We would like to bring you a brief history of this mysterious and wonderful food. And invite you to enjoy our beautiful, scrumptious tokens of what can become of chocolate when we work our magic!
Historians believe that around 1500 BC the Maya of the Yucatan Peninsula & Central America and the Aztecs of Mexico were the first peoples to use Cacao. It was believed to be divinely inspired - a gift from the god Quetzalcoatl, who brought the seeds of the cacao tree from the Garden of Life and gave them to Man. Chocolatl, as the Aztecs called it, was given to the gods and reserved for the truly elite which was taken as a foamy drink mixed with maize (corn) and other spices. Holding true to its divine roots, In 1753 the great Swedish scientist and naturalist Linnaeus named the tree from which the cocoa bean grows Theobroma Cacao “food of the gods.”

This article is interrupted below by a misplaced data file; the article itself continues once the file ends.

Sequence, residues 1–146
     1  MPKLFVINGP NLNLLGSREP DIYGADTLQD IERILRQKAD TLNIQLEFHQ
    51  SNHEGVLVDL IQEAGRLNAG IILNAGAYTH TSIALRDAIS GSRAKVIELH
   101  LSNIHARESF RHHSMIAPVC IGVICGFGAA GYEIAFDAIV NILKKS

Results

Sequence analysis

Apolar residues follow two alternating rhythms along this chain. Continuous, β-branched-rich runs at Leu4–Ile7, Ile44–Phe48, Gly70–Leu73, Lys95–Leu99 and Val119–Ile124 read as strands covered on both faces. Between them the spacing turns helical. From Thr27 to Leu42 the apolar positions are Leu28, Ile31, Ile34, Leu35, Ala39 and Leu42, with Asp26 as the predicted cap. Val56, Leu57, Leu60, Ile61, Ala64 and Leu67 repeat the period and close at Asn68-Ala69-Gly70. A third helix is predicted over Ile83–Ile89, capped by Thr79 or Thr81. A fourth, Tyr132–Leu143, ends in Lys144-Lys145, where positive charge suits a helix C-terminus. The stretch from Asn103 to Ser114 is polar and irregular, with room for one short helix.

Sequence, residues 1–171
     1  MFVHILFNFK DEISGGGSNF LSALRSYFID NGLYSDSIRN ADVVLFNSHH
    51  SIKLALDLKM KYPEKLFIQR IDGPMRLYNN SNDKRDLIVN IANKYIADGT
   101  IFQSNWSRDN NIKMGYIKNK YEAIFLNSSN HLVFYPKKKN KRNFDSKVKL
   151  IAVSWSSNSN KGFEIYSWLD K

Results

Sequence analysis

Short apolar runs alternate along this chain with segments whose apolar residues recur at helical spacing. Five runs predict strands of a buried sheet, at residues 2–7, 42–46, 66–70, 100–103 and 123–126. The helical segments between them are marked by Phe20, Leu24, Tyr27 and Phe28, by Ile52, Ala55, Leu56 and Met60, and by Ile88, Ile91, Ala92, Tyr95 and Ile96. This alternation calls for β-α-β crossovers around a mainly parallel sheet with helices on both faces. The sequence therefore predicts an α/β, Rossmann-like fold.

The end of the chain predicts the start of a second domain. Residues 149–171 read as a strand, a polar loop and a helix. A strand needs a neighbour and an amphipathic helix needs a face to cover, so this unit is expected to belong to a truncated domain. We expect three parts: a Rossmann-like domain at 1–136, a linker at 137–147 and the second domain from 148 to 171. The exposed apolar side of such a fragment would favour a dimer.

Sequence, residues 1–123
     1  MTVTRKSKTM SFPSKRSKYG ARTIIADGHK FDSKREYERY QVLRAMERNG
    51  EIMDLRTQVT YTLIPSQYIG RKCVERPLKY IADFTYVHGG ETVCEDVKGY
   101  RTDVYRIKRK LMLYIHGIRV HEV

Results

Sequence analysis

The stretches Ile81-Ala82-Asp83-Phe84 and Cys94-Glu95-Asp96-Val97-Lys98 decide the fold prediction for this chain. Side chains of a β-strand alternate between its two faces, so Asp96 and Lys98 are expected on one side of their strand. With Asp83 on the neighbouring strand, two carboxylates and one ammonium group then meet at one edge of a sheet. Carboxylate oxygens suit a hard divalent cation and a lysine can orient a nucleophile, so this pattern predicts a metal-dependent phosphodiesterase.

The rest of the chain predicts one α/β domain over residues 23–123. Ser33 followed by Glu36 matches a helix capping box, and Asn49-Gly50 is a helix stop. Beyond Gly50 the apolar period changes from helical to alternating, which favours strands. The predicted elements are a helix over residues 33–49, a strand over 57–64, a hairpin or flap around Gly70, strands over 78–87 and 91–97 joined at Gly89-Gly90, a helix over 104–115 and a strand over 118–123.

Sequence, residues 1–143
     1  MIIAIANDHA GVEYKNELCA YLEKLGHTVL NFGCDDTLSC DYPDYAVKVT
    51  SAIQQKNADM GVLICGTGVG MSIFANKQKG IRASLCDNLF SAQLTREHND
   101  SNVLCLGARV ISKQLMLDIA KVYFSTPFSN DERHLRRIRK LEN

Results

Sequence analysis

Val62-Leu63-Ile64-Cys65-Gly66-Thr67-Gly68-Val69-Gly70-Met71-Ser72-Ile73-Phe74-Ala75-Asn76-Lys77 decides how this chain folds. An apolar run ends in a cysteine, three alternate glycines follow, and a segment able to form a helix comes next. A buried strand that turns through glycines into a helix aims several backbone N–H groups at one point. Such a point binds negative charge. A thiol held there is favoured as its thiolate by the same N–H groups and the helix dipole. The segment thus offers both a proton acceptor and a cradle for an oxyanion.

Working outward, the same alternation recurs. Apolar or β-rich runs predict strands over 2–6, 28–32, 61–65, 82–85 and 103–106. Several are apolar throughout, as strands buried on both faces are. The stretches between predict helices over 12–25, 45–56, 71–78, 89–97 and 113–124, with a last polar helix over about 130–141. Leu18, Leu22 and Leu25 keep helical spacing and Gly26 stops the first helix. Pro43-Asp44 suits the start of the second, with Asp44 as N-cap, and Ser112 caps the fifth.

Christopher Columbus, who never actually tasted cacao, was the first to chronical the value that these beans held to it’s people. As the story goes, in the water near the island of Guanaja (north of Honduras) Ferdinand Columbus (Christopher’s son) captured a great Maya trading canoe. On board slaves were transporting materials for trade and provisions for their journey. About these provisions, the chronicler Peter Martyr writes: “...they had many of those almonds which in New Spain (Mexico) are used for money. They seemed to hold these almonds at a great price; for when they were brought on board ship together with their goods, I observed that when any of these almonds fell, they all stooped to pick it up, as if an eye had fallen.” A Mexican document from around 1550 lists the following prices: One good turkey hen equals 100 full cacao beans, a tom turkey is worth 200. One jackrabbit equals 100 beans, one small rabbit trades for 30. A turkey egg or a fish wrapped in maize husks will cost 3 cacao beans each, and a tamale is exchanged for one cacao bean.